Workers walk atop of a destroyed house roof in a flooded area in Mabi town in Kurashiki
Workers walk atop of a destroyed house roof in a flooded area in Mabi town in Kurashiki, Okayama Prefecture, Japan, July 9, 2018. REUTERS/Issei Kato

 

Although evacuation orders were scaled sharply back from the weekend, some 1.7 million people still face orders or advice to keep away from homes, fire and disaster officials said.

The economic impact was being assessed.

 

 

“I’m worried there could be a significant impact on production, consumption and tourism,” Toshiro Miyashita, Bank of Japan’s Fukuoka branch manager, who oversees Kyushu region, told a news conference.

Japan monitors weather conditions and issues warnings early, but its dense population means every bit of usable land is built on in the mostly mountainous country, leaving it prone to disasters.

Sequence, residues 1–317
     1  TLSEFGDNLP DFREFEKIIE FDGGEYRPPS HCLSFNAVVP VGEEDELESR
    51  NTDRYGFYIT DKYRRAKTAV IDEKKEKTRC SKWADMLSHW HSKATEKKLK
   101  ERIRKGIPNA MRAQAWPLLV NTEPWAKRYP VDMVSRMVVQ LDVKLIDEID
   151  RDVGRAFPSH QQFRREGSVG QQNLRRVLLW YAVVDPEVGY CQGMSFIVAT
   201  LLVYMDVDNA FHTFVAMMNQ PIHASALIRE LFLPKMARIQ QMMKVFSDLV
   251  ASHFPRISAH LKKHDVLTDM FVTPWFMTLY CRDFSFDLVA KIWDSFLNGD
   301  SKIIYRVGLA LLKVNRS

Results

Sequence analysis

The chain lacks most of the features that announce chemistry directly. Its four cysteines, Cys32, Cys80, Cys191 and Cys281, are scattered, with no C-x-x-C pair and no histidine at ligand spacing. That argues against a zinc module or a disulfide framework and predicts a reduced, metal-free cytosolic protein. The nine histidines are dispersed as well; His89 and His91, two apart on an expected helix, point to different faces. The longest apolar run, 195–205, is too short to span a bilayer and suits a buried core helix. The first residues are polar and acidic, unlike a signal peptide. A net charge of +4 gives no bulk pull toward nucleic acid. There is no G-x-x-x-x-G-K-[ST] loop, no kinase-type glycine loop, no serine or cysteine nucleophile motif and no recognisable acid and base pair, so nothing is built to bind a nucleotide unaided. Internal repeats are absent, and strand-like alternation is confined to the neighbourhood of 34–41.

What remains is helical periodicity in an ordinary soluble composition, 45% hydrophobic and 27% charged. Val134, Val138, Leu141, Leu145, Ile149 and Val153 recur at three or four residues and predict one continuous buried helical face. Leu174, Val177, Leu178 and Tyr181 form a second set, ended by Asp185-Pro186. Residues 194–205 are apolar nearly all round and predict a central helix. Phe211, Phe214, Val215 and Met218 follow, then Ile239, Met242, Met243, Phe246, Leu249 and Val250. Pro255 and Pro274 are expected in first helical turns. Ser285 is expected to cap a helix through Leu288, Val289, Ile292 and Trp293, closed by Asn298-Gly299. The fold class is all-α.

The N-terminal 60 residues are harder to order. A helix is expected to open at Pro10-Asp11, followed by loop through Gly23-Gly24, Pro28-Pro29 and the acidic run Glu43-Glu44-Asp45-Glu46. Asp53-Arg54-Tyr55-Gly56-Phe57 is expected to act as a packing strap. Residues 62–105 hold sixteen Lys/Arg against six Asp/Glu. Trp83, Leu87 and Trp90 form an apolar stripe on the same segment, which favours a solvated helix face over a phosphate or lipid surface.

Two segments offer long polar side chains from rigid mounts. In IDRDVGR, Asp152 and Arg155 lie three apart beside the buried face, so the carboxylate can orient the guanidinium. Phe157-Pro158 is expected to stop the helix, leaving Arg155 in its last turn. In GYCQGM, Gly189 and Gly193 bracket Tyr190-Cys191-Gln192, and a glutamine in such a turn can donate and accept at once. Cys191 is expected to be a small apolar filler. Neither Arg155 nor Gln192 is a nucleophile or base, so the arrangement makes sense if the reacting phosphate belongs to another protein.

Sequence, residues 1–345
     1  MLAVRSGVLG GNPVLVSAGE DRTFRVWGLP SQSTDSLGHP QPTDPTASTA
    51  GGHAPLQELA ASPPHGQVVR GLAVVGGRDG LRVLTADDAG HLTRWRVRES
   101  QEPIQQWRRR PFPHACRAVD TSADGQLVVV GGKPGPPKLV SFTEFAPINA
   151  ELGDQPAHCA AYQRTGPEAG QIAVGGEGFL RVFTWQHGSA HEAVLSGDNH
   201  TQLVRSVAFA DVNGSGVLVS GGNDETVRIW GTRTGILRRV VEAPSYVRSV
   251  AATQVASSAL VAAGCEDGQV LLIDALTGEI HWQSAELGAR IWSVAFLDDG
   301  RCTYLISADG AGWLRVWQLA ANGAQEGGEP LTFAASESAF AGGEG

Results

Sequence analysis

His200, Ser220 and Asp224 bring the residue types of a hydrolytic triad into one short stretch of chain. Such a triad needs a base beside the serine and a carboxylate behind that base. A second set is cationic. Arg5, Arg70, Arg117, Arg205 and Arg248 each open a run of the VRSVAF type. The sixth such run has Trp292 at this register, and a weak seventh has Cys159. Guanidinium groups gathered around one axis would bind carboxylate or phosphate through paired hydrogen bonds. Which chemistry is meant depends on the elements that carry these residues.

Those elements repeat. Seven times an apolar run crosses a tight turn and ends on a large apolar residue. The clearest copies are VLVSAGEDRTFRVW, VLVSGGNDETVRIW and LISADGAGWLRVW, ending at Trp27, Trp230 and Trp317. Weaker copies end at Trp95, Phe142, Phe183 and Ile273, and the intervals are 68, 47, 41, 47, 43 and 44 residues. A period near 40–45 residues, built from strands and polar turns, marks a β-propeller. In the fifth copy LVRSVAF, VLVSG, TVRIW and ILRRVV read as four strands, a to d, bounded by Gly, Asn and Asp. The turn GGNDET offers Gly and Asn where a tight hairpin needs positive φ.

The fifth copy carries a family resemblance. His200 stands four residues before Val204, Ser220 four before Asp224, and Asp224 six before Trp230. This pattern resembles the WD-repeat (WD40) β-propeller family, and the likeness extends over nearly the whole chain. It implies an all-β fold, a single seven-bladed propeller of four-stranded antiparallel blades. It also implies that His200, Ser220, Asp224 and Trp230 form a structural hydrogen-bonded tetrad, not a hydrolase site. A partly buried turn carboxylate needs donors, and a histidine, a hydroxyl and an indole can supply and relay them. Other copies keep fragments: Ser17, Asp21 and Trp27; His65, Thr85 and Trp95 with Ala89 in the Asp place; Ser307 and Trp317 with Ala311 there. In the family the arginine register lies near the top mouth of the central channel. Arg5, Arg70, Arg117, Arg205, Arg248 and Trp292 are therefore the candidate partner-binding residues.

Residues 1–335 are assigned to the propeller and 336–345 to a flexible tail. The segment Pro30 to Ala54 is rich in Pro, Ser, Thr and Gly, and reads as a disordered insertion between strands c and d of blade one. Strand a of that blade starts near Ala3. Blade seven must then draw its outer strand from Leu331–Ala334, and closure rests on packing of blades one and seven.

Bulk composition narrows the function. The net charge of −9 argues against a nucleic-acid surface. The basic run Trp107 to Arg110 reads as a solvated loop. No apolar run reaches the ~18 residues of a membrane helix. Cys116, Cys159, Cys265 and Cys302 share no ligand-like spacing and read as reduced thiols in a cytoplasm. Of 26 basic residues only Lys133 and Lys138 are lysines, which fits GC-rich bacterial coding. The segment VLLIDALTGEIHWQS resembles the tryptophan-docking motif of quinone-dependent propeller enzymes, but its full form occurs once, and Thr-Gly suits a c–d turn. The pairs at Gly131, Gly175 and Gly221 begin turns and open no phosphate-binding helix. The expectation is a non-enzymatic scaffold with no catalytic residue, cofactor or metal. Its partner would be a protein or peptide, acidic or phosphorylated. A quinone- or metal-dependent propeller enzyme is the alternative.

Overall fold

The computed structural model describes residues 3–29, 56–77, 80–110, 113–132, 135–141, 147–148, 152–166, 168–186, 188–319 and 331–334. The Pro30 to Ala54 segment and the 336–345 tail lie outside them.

(Additional reporting by Elaine Lies, Shinichi Saoshiro, Naomi Tajitsu, Ayai Tomisawa, Linda Sieg, Osamu Tsukimori, Leika Kihara and Tetsushi Kajimoto; Writing by Elaine Lies; Editing by Clarence Fernandez, Robert Birsel)

 

Rescue workers look for missing people in a house damaged by heavy rain in Kumano town
Rescue workers look for missing people in a house damaged by heavy rain in Kumano town, Hiroshima Prefecture, Japan, in this photo taken by Kyodo July 9, 2018. Mandatory credit Kyodo/via REUTERS

 

A local resident walks on submerged and destroyed houses in a flooded area in Mabi town in Kurashiki
A local resident walks near submerged and destroyed houses in a flooded area in Mabi town in Kurashiki, Okayama Prefecture, Japan, July 9, 2018. REUTERS/Issei Kato

 

Local residents queue to refuel their vehicles at a gas station near a flooded area in Mihara
Local residents queue to refuel their vehicles at a gas station near a flooded area in Mihara, Hiroshima Prefecture, western Japan July 9, 2018. REUTERS/Issei Kato

 

 

Keep reading (more images ahead) ….